In recent years, Shiller has advocated “narrative economics,” counter to most economists who have been warning of an unprecedented recession for more than a year. Many classical economists find it difficult to reconcile the economic data and the narratives, or stories, that occupy humanity in a given period. Such a narrative could be, for example, the coronavirus pandemic, artificial intelligence or cryptocurrencies. In his book "Narrative Economics," published in 2019, Shiller presented his theory arguing that economists are mainly successful in making short-term forecasts of only a quarter or two, but historically have consistently been wrong about annual forecasts.
Shiller is sure that the crisis of small and medium-sized banks in the US, which has occupied the markets and economists since the collapse of Silicon Valley Bank a month ago, is an old narrative disguised as something new.
Regarding the banking crisis, what is the leading narrative today?
"The current banking crisis is another incarnation of the classic crisis narrative," says Shiller. "In my book 'The Narrative Economy' I talked about continuous narratives that grow and disappear in different periods, like a variant of the flu or Coronavirus. Every outbreak of such a narrative corresponds to the curves of a known epidemic or storm. Therefore, I do not regard the current event in the banks as a black swan. From the point of view of the markets, we have already had many of them."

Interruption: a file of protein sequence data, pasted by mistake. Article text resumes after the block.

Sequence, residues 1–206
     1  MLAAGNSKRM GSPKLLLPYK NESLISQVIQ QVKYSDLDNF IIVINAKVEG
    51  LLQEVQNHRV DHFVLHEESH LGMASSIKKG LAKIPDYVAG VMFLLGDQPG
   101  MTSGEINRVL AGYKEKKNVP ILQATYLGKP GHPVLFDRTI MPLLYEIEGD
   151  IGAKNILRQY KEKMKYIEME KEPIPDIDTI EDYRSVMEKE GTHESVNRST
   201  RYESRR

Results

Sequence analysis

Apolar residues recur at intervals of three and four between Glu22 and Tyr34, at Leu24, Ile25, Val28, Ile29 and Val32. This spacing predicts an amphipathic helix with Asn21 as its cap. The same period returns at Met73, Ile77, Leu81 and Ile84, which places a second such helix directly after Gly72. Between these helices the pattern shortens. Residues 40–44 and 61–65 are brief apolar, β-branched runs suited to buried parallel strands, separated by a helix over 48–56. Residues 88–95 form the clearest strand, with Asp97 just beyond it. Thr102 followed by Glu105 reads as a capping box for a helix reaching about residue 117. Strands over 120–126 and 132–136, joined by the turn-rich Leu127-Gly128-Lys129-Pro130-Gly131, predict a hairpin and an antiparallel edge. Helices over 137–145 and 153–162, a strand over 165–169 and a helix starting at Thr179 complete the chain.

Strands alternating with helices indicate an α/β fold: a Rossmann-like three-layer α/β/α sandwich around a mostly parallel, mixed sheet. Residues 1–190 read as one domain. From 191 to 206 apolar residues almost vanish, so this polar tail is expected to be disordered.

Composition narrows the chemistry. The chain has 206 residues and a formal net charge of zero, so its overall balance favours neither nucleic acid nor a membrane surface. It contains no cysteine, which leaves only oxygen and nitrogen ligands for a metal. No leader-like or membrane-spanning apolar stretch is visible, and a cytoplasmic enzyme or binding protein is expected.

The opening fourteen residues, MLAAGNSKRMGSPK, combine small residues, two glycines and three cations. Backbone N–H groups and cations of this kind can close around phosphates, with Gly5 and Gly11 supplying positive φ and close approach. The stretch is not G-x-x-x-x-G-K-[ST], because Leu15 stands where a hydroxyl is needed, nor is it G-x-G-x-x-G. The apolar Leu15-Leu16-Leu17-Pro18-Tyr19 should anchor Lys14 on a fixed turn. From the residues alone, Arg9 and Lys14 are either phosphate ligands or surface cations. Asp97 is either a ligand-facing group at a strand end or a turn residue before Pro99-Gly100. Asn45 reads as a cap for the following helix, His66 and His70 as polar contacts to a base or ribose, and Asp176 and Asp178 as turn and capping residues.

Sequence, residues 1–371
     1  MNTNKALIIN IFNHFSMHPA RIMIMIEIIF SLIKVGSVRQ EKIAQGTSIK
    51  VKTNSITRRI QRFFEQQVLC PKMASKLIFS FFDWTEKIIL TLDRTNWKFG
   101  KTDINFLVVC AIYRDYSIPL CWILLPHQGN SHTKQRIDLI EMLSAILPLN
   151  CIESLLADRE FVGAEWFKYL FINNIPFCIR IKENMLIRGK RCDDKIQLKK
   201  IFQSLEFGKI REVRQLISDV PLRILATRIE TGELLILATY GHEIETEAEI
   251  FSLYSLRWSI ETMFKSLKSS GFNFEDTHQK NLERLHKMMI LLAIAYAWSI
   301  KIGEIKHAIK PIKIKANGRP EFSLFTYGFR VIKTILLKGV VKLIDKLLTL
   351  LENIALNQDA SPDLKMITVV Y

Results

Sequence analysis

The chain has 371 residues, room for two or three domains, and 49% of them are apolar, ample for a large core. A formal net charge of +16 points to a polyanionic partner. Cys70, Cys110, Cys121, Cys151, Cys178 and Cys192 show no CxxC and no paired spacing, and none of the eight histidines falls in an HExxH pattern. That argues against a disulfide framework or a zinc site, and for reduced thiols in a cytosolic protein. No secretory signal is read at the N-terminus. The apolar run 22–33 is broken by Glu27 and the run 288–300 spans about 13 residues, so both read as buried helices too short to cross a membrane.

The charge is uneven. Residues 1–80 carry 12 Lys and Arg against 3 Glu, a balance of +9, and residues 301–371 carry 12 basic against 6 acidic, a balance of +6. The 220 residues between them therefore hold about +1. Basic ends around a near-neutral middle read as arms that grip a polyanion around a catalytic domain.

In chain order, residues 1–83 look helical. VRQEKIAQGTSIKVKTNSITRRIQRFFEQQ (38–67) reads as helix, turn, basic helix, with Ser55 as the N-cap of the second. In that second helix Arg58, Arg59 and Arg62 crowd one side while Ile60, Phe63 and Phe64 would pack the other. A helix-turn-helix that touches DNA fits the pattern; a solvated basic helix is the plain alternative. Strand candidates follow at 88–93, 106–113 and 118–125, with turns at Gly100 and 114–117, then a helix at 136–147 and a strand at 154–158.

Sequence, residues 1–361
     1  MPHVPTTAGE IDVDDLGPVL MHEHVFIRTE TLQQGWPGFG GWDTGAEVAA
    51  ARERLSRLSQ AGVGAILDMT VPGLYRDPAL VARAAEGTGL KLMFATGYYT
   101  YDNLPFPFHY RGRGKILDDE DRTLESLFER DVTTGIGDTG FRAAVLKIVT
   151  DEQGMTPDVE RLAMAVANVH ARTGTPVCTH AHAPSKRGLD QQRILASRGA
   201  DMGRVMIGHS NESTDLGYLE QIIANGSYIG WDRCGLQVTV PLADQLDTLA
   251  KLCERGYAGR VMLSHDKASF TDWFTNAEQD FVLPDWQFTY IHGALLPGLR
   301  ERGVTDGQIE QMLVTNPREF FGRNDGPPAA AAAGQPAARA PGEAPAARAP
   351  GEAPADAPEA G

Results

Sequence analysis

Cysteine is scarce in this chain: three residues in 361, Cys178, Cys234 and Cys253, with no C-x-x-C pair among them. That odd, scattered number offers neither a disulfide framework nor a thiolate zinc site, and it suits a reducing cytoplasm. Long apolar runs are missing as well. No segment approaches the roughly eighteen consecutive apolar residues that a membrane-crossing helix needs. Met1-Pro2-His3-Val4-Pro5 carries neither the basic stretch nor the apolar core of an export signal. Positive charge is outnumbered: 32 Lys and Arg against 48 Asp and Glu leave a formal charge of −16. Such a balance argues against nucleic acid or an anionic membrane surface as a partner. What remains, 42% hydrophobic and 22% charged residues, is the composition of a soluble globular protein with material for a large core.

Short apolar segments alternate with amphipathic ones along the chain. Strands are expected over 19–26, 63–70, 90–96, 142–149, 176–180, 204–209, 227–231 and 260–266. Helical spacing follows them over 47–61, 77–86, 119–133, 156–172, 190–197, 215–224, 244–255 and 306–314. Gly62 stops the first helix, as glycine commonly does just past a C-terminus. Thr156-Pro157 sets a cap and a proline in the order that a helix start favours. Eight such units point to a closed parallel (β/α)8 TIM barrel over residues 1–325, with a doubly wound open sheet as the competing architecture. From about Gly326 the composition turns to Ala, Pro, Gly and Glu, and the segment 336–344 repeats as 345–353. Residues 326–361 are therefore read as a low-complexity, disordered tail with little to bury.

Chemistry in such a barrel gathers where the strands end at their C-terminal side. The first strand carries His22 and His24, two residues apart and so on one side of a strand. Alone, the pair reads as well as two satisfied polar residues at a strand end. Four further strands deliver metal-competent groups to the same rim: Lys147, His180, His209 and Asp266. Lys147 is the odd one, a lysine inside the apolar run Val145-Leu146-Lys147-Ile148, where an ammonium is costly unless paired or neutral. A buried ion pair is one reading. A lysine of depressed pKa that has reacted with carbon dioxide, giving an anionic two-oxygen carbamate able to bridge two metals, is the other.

He also sees the AI revolution with the launch of ChatGPT as a story that has already been told, and is as cyclical as the banking crisis. "Even during the Great Depression, there was talk of people being replaced by machines, and this was one of the threats discussed then, although it may seem to us that today we are experiencing something new. According to economists, [technology] was always a path to disaster…but it always turned out that there were other jobs for people who lose their original jobs," reassures Schiller.
Does the current narrative tell you that despite concerns there won’t be a recession?
"Our ability to forecast recessions is limited; it's like weather forecasts - primarily good for a few days and not so good after that. Economists have success in forecasting recessions that are imminent - we’re not quite there yet. I’m suspicious of any confident forecasts about what will happen now.